Entries Tagged "spoofing"

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Hymn Project

The Hymn Project exists to break the iTunes mp4 copy-protection scheme, so you can hear the music you bought on any machine you want.

The purpose of the Hymn Project is to allow you to exercise your fair-use rights under copyright law. The various software provided on this web site allows you to free your iTunes Music Store purchases (protected AAC / .m4p) from their DRM restrictions with no loss of sound quality. These songs can then be played outside of the iTunes environment, even on operating systems not supported by iTunes and on hardware not supported by Apple.

Initially, the software recovered your iTunes password (your key, basically) from your hard drive. In response, Apple obfuscated the format and no one has yet figured out how to recover the keys cleanly. To get around this, they developed a program called FairKeys that impersonates iTunes and contacts the server. Since the iTunes client can still get your password, this works.

FairKeys … pretends to be a copy of iTunes running on an imaginary computer, one of the five computers that you’re currently allowed to authorize for playing your iTMS purchases. FairKeys logs into Apple’s web servers to get your keys the same way iTunes does when it needs to get new keys. At least for now, at this stage of the cat-and-mouse game, FairKeys knows how to request your keys and how to decode the response which contains your keys, and once it has those keys it can store them for immediate or future use by JHymn.

More security by inconvenience, and yet another illustration of the neverending arms race between attacker and defender.

Posted on July 11, 2005 at 8:09 AMView Comments

White Powder Anthrax Hoaxes

Earlier this month, there was an anthrax scare at the Indonesian embassy in Australia. Someone sent them some white powder in an envelope, which was scary enough. Then it tested positive for bacillus. The building was decontaminated, and the staff was quarantined for twelve hours. By then, tests came back negative for anthrax.

A lot of thought went into this false alarm. The attackers obviously knew that their white powder would be quickly tested for the presence of a bacterium of the bacillus family (of which anthrax is a member), but that the bacillus would have to be cultured for a couple of days before a more exact identification could be made. So even without any anthrax, they managed to cause two days of terror.

At a guess, this incident had something to do with Schapelle Corby (yet another security related story). Corby was arrested in Bali for smuggling drugs into the country. Her defense, widely believed in Australia, was that she was an unwitting dupe of the real drug smugglers. Supposedly, the smugglers work as airport baggage handlers and slip packages into checked baggage and remove them at the far end before reclaim. In any case, Bali has very strict drug laws and Corby was recently convicted in what Australians consider a miscarriage of justice. There have been news reports saying that there is no connection, but it just seems too obvious.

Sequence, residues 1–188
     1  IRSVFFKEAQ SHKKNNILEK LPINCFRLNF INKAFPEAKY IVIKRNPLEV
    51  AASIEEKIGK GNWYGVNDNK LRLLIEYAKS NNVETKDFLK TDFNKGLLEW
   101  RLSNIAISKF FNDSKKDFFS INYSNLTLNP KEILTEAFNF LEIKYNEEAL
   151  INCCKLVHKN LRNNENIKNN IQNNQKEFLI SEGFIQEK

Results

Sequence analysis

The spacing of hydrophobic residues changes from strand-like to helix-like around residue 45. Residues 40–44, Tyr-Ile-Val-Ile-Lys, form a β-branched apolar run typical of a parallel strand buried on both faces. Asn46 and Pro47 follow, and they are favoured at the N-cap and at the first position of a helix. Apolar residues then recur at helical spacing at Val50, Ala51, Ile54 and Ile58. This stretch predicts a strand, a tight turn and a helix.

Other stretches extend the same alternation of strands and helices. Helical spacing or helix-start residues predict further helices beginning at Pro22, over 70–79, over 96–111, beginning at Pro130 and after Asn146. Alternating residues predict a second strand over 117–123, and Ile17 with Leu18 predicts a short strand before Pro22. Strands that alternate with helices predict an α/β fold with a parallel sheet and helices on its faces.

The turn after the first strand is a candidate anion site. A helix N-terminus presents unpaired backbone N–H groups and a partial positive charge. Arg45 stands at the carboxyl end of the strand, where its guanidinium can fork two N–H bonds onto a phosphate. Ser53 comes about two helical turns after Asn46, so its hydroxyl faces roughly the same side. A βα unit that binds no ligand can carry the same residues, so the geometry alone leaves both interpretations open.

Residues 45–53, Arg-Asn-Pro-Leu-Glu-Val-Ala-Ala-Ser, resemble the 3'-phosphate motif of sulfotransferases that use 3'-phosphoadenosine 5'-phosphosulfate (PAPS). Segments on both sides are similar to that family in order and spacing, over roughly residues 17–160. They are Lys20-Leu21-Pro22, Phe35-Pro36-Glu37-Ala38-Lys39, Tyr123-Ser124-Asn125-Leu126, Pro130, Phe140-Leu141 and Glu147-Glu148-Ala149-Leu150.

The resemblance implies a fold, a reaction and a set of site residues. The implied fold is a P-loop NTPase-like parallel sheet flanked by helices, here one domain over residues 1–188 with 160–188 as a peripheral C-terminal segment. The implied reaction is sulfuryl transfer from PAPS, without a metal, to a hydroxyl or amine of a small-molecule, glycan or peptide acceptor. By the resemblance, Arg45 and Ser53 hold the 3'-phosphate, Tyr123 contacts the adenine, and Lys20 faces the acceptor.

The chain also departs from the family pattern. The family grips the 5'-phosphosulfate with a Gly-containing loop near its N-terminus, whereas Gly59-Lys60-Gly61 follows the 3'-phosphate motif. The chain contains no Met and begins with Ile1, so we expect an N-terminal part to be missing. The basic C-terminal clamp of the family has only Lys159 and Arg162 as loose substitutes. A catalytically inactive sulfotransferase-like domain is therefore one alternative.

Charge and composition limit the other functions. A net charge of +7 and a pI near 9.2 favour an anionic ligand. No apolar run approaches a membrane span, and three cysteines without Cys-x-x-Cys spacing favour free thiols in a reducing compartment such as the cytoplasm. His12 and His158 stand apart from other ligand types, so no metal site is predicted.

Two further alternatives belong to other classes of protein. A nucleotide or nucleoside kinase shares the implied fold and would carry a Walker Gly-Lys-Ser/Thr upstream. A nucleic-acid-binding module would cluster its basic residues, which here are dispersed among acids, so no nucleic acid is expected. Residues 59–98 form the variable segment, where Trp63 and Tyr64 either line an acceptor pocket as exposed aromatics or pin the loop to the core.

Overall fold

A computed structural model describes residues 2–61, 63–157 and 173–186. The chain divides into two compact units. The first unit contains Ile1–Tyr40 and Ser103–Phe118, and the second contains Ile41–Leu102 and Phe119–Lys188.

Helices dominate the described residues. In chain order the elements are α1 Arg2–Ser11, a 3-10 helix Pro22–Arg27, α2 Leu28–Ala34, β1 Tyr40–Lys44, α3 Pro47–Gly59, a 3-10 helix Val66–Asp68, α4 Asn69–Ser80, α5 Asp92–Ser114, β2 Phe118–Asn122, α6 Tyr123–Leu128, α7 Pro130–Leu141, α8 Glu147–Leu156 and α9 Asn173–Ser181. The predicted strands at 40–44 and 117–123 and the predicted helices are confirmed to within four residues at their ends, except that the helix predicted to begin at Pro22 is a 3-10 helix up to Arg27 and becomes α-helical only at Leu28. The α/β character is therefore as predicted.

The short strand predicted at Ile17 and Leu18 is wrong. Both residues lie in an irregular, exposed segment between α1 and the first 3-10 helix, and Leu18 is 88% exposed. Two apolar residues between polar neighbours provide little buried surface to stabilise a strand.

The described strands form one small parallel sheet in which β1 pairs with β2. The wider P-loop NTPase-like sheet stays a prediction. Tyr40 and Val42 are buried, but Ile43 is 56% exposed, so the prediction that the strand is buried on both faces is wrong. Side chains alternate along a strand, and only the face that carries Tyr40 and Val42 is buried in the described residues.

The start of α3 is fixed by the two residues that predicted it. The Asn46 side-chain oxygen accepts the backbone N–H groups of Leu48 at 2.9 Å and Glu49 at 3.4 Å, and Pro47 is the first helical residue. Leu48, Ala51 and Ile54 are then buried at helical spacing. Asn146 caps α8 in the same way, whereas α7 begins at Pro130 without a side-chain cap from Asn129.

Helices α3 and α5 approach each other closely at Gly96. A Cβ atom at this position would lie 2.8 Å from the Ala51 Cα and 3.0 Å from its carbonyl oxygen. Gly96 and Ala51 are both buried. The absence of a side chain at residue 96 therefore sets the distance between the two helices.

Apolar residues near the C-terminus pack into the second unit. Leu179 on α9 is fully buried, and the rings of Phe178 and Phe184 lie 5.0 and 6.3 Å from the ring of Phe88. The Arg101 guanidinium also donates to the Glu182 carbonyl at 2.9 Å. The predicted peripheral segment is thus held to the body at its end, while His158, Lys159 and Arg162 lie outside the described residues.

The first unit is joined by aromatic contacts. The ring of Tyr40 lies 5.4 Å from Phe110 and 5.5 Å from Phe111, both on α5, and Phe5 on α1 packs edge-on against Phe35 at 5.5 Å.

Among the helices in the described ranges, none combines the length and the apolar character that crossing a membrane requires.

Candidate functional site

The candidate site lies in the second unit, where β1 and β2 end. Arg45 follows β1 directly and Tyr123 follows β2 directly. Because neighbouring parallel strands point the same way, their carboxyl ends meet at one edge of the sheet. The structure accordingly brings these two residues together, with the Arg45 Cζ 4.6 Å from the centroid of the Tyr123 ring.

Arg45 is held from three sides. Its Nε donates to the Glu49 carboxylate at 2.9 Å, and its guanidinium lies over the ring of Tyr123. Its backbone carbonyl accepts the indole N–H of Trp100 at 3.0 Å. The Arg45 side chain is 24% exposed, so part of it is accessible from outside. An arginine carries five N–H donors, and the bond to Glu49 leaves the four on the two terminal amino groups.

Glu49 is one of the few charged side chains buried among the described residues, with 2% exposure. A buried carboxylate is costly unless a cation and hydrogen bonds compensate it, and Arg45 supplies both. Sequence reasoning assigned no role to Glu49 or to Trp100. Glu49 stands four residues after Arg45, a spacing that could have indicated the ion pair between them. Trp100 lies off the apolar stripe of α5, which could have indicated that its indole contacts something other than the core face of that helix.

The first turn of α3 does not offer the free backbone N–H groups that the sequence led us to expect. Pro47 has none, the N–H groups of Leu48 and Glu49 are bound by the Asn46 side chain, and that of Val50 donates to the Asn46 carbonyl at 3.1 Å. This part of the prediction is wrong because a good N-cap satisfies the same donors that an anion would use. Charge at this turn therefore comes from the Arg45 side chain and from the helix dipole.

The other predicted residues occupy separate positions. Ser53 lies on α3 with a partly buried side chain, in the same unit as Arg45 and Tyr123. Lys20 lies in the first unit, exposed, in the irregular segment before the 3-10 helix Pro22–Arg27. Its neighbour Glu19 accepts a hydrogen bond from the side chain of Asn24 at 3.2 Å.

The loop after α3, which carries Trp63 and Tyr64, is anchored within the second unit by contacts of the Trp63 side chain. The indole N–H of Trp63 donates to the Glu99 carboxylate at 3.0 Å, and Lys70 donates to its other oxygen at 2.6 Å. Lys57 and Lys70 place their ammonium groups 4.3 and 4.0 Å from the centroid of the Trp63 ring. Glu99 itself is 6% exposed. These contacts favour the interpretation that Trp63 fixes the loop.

In an interesting side note, the media have revealed for the first time that 360 “white powder” incidents have taken place since 11 September 2001. This news had been suppressed by the government, which had issued D notices to the media for all such incidents. So there has been one such incident approximately every four days—an astonishing number, given Australia’s otherwise low crime rate.

Posted on June 14, 2005 at 2:41 PMView Comments

Unicode URL Hack

A long time ago I wrote about the security risks of Unicode. This is an example of the problem.

Here’s a demo: it’s a Web page that appears to be www.paypal.com but is not PayPal. Everything from the address bar to the hover-over status on the link says www.paypal.com.

It works by substituting a Unicode character for the second “a” in PayPal. That Unicode character happens to look like an English “a,” but it’s not an “a.” The attack works even under SSL.

Here’s the source code of the link: http://www.p&amp#1072;ypal.com/

Secuna has some information on how to fix this vulnerability. So does BoingBoing.

Posted on February 16, 2005 at 9:17 AMView Comments

Smart Water

No, really. It’s liquid with a unique identifier that is linked to a particular owner.

Forensic Coding combined with microdot technology.

SmartWater has been designed to protect household property and motor vehicles. Each bottle of SmartWater solution contains a unique forensic code, which is assigned to a household or vehicle.

An additional feature of SmartWater Instant is the inclusion tiny micro-dot particles which enable Police to quickly identify the true owner of the property.

The idea is for me to paint this stuff on my valuables as proof of ownership. I think a better idea would be for me to paint it on your valuables, and then call the police.

Posted on February 10, 2005 at 9:20 AMView Comments

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Sidebar photo of Bruce Schneier by Joe MacInnis.